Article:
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LECTURE THREE. COMPUTER HARDWARE. Introduction. Computer hardware is the name given to all the physical devices found in a computer system.

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  2. Introduction • Computer hardware is the name given to all the physical devices found in a computer system.

  3. They correspond to ears, eyes, mouth, hands, brain, mouth, books and so on. in the human processing system. Figure 3.1 is an illustration of the basic elements of a computer system or the hardware.

  4. Figure 3.1

  5. Input Units • These units read data, data files and programs into the computer. There are several types of input facilities that differ in terms of the entries they accept.

  6. The selection of the facilities is influenced by the class of computers installed, and the associated processing requirements. Most input facilities are combined with output facilities and hence referred to as I/O (Input/Output) units.

  7. Functions of Input Units • Accept data from the user into the Computer System. • Accept instructions from the users. • Accept commands for running or aborting or halting a program from the user.

  8. Could be either on-line data inputting or off-line data inputting. • Types of Input Devices • Keyboard Devices • Pointing Devices • Pen-based computing

  9. Voice Recognition • Scanners • Magnetic Devices • Intermediate input devices • The major trend for input technologies has been towards a more natural user interface for computer users e.g. pointing devices, touch pads, voice recognition etc.

  10. Keyboard devices are used for entries and are connected to several different devices as following: • Visual Display Unit (VDU): It has a keyboard for data and instruction input.

  11. The keyboard is similar to that of a normal typewriter with except that the VDU keyboard has got extra keys for controlling and editing the inputs. It has a screen which displays information in a page of rows and columns.

  12. Terminals: Terminals can be described as input/output devices with communication capabilities and they may have limited processing power. A terminal is described as “INTELLIGENT” if it has some processing power. Those without are called “DUMMY”

  13. c) Point-of-sale terminals: Point-of-sale terminals are essentially electronic cash registers that are linked to a computer, or record data onto storage devices. In their simplest form, they may simply transmit the details of a transaction to the computer for processing.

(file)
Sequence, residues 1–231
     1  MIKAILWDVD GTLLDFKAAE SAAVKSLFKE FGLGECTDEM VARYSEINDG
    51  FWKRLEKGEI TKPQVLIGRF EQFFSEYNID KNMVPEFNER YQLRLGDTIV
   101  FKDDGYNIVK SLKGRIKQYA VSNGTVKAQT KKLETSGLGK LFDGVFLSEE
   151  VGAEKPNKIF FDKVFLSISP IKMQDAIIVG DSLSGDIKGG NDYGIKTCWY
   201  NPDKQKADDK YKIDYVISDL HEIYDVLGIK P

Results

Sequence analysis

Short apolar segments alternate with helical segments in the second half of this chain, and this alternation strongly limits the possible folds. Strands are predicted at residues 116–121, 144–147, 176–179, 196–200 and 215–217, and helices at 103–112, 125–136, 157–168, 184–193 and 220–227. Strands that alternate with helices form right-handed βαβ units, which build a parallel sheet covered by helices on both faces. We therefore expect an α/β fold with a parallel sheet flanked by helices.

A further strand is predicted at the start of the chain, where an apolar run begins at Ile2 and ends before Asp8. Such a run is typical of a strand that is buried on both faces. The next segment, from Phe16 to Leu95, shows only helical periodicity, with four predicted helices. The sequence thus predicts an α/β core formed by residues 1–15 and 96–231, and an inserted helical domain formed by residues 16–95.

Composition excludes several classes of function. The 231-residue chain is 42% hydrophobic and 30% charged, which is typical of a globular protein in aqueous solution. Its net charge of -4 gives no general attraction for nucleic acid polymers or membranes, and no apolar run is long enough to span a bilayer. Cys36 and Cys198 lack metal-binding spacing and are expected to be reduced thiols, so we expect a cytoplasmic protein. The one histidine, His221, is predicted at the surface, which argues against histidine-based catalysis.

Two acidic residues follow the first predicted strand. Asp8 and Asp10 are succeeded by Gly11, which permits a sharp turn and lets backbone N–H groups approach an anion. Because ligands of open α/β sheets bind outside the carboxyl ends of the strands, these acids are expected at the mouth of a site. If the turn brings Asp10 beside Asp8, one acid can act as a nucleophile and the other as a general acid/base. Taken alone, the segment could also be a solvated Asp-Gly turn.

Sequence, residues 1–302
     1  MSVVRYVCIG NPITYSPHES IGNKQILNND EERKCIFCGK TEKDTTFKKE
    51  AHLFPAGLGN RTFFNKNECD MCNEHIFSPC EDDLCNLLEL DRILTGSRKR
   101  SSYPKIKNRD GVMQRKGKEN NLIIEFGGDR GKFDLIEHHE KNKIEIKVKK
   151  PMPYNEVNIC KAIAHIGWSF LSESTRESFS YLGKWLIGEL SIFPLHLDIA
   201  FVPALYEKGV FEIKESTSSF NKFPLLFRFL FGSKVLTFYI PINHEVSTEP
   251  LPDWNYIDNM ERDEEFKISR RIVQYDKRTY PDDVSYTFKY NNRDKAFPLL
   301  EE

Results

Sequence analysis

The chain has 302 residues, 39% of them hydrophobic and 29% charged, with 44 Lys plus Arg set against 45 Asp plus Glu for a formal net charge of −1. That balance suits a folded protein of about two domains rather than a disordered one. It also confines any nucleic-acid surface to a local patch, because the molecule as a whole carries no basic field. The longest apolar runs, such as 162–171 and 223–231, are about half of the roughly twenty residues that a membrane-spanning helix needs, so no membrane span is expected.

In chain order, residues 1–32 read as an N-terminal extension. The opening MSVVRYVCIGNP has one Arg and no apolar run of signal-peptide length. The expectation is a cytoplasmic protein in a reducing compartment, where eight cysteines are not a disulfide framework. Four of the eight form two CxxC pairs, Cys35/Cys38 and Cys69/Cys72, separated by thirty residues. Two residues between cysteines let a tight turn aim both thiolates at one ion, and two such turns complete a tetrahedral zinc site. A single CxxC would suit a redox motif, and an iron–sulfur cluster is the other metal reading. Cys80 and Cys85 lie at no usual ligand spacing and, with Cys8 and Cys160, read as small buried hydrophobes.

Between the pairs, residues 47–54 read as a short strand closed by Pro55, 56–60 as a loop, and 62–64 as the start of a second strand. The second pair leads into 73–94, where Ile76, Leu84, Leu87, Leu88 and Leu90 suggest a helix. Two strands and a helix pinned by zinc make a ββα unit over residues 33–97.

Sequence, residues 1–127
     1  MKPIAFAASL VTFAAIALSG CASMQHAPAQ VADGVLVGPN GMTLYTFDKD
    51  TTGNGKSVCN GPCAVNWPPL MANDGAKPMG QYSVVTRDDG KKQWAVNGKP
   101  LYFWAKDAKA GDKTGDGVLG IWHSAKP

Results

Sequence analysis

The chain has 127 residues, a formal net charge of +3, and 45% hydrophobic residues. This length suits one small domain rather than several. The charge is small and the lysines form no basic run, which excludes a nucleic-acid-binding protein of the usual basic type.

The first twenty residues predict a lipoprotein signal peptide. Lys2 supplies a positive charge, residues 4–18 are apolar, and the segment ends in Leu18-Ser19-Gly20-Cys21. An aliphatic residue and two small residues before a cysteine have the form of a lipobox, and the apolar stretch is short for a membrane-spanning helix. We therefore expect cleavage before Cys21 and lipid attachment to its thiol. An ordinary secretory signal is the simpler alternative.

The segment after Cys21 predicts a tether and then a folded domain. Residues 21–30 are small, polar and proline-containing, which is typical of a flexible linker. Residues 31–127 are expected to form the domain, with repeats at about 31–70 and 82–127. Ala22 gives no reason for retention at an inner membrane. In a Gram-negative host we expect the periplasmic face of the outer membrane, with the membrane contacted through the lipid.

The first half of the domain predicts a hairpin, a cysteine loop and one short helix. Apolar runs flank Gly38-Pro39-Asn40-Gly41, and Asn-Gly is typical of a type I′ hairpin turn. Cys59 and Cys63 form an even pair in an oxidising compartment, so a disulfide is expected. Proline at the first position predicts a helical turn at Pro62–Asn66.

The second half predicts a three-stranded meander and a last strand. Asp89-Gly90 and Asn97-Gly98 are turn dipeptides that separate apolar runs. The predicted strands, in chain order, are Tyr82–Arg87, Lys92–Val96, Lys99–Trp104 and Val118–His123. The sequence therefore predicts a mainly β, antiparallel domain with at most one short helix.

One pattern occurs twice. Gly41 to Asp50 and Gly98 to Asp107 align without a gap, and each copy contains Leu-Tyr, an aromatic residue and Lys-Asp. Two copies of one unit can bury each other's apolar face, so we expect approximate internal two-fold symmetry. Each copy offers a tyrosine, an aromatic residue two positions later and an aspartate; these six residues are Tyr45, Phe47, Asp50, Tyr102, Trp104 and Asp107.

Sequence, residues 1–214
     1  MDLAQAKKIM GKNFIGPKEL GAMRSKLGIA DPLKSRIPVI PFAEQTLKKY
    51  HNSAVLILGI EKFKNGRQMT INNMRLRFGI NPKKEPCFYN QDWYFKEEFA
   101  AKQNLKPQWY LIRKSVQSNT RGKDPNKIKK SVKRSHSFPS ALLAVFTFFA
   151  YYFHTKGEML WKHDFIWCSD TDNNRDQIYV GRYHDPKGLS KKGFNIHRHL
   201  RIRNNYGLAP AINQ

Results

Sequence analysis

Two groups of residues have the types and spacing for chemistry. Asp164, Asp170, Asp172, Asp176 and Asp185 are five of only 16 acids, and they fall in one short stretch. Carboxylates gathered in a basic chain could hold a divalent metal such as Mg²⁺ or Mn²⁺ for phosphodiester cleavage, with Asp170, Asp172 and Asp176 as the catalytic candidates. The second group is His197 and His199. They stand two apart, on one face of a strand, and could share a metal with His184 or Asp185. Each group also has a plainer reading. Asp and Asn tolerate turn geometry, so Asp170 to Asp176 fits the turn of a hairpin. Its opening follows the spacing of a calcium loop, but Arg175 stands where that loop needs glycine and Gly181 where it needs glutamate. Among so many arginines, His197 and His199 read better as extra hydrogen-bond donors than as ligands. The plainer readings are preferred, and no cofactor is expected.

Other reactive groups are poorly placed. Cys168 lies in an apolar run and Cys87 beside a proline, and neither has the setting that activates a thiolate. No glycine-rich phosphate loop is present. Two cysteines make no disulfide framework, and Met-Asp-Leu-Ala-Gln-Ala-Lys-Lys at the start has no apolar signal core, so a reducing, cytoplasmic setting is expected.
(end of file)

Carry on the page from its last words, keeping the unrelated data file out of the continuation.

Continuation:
14. The more complex terminals can communicate for such purposes as checking the credit of a customer, obtaining prices from file and ascertaining availability of stock. If a customer’s bank or credit account is debited, this is Electronic Fund Transfer at Point of Sale (EFTPOS).

  15. The terminal usually includes a keyboard for manual entry of data. A bar-code reader may also be provided, typically to read stock codes. • d) Console: A console is a device used by the computer operators to communicate with users.

  16. Keyboard devices are widely used. • They have the keyboard for typing in data and/or instructions that go in a format the computer can understand • Issuing commands. • Making choices. • Responding to prompts displayed on the screen.

  17. Examples of pointing devices that work with the keyboard are: • Electronic Mouse: This is most popular pointing device used to move cursor on the screen, as well as issue commands and make menu and icon selections.

  18. Track Ball: A stationary device related to the mouse. It consists of a roller ball mounted on the computer. One turns a roller ball to move the cursor on the screen.

  19. Pointing Stick (track point): This device is found on the keyboard, one presses it to direct the cursor. The cursor moves in the direction of the pressure one place on the stick.

  20. The touch pad: A small rectangular touch – sensitive surface, usually placed below the keyboard. The cursor moves in the direction your finger moves on the pad.

  21. Touch Screen: A touch sensitive screen where when one touches the icon on the screen, a command is executed against the icon.

  22. Handwriting – recognition systems convert script into text quickly. These computers have fast processors and software that recognizes hand written or typed information. Hand drawing pen-like devices is also available for example digitized pens.

  23. These pens can be used as point devices or used to draw on graphics tablets. • Voice recognition could be the easiest way for data entry, but there is a big limitation with these devices. In voice recognition devices, a microphone is added on the VDU through some extra circuitry.

  24. The unit senses the sound patterns and converts them to computer inputs. This method of input is especially useful when one cannot use their limps.

  25. The function of optical scanner is to get documents into your computer with minimum time. They transform a letter, a logo, a photograph on paper into digital format that the computer can make sense of. Direct entry. They use the principle of light to sense the document contents.